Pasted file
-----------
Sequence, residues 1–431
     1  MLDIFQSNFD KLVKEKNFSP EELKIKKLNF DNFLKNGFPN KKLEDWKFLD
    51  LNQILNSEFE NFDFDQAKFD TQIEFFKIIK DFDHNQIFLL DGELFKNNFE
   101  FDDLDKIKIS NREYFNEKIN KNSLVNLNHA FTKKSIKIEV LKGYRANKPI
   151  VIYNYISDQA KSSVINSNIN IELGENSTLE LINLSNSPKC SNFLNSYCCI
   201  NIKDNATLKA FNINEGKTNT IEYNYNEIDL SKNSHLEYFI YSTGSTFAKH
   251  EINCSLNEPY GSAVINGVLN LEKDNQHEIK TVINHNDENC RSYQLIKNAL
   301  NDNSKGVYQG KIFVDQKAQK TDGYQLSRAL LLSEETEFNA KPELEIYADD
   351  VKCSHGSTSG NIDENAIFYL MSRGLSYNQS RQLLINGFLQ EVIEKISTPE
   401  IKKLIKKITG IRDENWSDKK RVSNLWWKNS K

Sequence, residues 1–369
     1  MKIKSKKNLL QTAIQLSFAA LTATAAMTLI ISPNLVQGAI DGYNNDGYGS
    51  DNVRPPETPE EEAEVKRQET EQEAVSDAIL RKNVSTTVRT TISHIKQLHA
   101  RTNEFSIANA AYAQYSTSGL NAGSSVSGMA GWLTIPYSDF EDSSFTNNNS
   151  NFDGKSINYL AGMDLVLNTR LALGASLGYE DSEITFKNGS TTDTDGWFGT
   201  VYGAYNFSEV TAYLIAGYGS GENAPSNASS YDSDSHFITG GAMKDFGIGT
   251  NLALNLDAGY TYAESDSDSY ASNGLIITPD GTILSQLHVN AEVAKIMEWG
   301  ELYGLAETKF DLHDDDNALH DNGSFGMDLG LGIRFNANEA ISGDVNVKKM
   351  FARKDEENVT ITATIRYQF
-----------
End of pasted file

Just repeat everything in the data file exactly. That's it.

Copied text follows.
Sequence, residues 1–431
     1  MLDIFQSNFD KLVKEKNFSP EELKIKKLNF DNFLKNGFPN KKLEDWKFLD
    51  LNQILNSEFE NFDFDQAKFD TQIEFFKIIK DFDHNQIFLL DGELFKNNFE
   101  FDDLDKIKIS NREYFNEKIN KNSLVNLNHA FTKKSIKIEV LKGYRANKPI
   151  VIYNYISDQA KSSVINSNIN IELGENSTLE LINLSNSPKC SNFLNSYCCI
   201  NIKDNATLKA FNINEGKTNT IEYNYNEIDL SKNSHLEYFI YSTGSTFAKH
   251  EINCSLNEPY GSAVINGVLN LEKDNQHEIK TVINHNDENC RSYQLIKNAL
   301  NDNSKGVYQG KIFVDQKAQK TDGYQLSRAL LLSEETEFNA KPELEIYADD
   351  VKCSHGSTSG NIDENAIFYL MSRGLSYNQS RQLLINGFLQ EVIEKISTPE
   401  IKKLIKKITG IRDENWSDKK RVSNLWWKNS K

Sequence, residues 1–369
     1  MKIKSKKNLL QTAIQLSFAA LTATAAMTLI ISPNLVQGAI DGYNNDGYGS
    51  DNVRPPETPE EEAEVKRQET EQEAVSDAIL RKNVSTTVRT TISHIKQLHA
   101  RTNEFSIANA AYAQYSTSGL NAGSSVSGMA GWLTIPYSDF EDSSFTNNNS
   151  NFDGKSINYL AGMDLVLNTR LALGASLGYE DSEITFKNGS TTDTDGWFGT
   201  VYGAYNFSEV TAYLIAGYGS GENAPSNASS YDSDSHFITG GAMKDFGIGT
   251  NLALNLDAGY TYAESDSDSY ASNGLIITPD GTILSQLHVN AEVAKIMEWG
   301  ELYGLAETKF DLHDDDNALH DNGSFGMDLG LGIRFNANEA ISGDVNVKKM
   351  FARKDEENVT ITATIRYQF